The 20-time Grand Slam winner announced on Wednesday that he would be sidelined until 2021 after his second operation in a matter of months.

Federer remains upbeat, tweeting: “I plan to take the necessary time to be 100 percent ready to play at my highest level.”

In some ways 2020 is a good season to miss after the coronavirus ravaged the tennis schedule. Writing Federer off in the past has proved dangerous.

He returned from a six-month injury lay-off to claim the Australian Open in 2017, winning his eighth Wimbledon crown later that year.

But he will be 40 in 2021 and is now heading into uncharted territory.

Despite his groaning trophy cabinet, there are two factors that will motivate Federer to keep going — the risk of losing his grip on the men's Grand Slam title record and a missing Olympics singles gold medal.

Rafael Nadal has 19 majors, just one shy of Federer's mark and Djokovic has 17.

Spain's Nadal will be fancied to draw level with Federer at the French Open, rescheduled for September, while few would bet against Djokovic winning in New York weeks earlier.

In April, Federer said he was “devastated” when Wimbledon was cancelled for the first time since World War II. Last year he fell agonisingly short at the All England Club, failing to convert two championship points on his own serve against Djokovic.

The Wimbledon grass probably remains his best chance of adding to his Grand Slam collection — he has not won the US Open since 2008 and his only title at Roland Garros came in 2009.

Even though Federer has slipped from the very pinnacle of the game, he is still a major threat to Nadal and Djokovic.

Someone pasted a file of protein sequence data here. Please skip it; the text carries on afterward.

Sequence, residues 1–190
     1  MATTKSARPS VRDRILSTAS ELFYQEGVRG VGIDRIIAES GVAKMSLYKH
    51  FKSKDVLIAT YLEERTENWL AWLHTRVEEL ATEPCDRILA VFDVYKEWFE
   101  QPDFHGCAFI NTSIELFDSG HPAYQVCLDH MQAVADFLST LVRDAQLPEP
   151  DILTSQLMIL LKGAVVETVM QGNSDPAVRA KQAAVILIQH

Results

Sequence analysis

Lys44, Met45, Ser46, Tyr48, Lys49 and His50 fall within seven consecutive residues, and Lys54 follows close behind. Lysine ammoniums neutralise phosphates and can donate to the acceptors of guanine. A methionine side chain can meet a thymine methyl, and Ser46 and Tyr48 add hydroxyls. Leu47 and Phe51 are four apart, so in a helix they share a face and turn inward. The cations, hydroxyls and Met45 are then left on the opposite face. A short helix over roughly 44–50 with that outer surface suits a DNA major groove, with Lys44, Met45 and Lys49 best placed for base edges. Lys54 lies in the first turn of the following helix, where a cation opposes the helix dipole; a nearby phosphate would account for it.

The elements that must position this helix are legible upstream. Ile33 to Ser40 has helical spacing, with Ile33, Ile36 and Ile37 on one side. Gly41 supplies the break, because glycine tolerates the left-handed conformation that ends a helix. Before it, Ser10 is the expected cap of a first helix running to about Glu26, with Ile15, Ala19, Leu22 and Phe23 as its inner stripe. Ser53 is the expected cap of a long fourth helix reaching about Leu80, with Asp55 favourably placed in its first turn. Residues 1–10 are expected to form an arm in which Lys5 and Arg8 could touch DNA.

'Golden' ambitions

Last year, the world number four had a 53-10 win-loss record and he reached the semi-finals at the Australian Open in January in his only tournament this year.

Federer, who is still six ATP titles short of Jimmy Connors' all-time record of 109, has one glaring omission from his CV — the Olympic title.

The Swiss won doubles gold in Beijing in 2008 with compatriot Stan Wawrinka but lost in the singles final to Andy Murray in London four years later.

The postponed Tokyo Games will almost certainly be Federer's last opportunity to complete a career “golden” Grand Slam — he will turn 40 on the day of the closing ceremony next year.

Tennis will feel the loss of the elegant Federer keenly when he walks off the court for the last time.

Djokovic and Nadal have been the dominant forces in recent years but the Swiss remains the biggest draw and last month topped Forbes' list of the world's highest-earning athletes.

His last appearance on court was in front of nearly 52,000 fans — touted by organisers as a world record for tennis — at a charity match against Nadal in Cape Town in February.

Federer is nearly always the crowd favourite wherever he plays and has proved a perfect ambassador for the sport since he won his first Grand Slam title in 2003.

He certainly expects to be back and competitive next year.

“I will be missing my fans and the tour dearly but I will look forward to seeing everyone back on tour at the start of the 2021 season,” he tweeted.

The avalanche of support from his adoring fans showed they would miss him too, but they will have to get used to a time when he is gone for good.